When Thai and US Army scientists announced last month that their experimental HIV vaccine reduced the risk of contracting the disease by 31%, it caused quite a stir. After all, every one of the 100 or so previous HIV vaccine trials over the last 20 years had failed completely.
Alas, a second analysis of the $105 million study that was released weeks after the announcement suggests the apparent, moderate benefit may have been caused by a statistical fluke.
Worse yet, it turns out that the results of the second analysis were available to the scientists when they announced their original findings.
“We thought very hard about how to provide the clearest, most honest message,” said Jerome Kim, an Army scientist involved with the study. “We stand by the fact that this is a vaccine with a modest protective effect.”
Kim’s team based its initial announcement on a “modified intent to treat analysis,” which includes all volunteers that enrolled in the study, whether they received the full course of the vaccine or not. Such analyses reflect real world situations in which some people don’t show up for all shots in the vaccine sequence.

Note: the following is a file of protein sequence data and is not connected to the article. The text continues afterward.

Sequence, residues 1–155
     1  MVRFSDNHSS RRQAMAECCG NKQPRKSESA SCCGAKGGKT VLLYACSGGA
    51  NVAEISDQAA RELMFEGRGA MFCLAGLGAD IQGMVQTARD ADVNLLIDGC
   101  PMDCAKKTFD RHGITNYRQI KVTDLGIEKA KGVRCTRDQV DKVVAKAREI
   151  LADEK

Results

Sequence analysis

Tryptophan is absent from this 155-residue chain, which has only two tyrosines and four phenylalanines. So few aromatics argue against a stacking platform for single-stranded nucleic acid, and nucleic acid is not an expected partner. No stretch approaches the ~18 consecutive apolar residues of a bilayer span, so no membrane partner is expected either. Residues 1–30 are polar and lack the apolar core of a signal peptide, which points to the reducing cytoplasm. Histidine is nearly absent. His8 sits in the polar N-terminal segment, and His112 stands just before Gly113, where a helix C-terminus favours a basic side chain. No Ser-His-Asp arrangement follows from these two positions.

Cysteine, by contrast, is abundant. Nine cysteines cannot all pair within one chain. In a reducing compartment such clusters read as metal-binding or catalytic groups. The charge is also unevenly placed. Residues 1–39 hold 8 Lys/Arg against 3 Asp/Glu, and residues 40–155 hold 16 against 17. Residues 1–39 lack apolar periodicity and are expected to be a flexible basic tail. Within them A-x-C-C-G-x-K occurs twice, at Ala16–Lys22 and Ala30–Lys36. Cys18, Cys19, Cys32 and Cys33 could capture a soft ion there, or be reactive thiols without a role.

Using this analysis, the scientists determined that there was only a 3.9% chance that the observed 31% reduction in HIV among the vaccine-treated group was caused by a simple statistical fluke…in scientific parlance, this is considered to be a borderline significant result.
The second, so-called “per protocol” analysis included just the study participants that received all vaccines in the regimen at the right time.
Such analyses normally corroborate intent to treat findings, but for unknown reasons, it did just the opposite in this study. It suggested there was a 16% chance the results could have been due to chance alone—far too high to support claims that the vaccine was efficacious.
Some AIDS activists and scientists believe the vaccine merits further study, but worry that the botched announcement might undermine support for the vaccine and HIV vaccine trials generally.
“I would have preferred to have seen both results straight up. It might spring back on (the scientists), and that would be unfortunate,” Mitchell Warren, director of the AIDS Vaccine Advocacy Coalition said.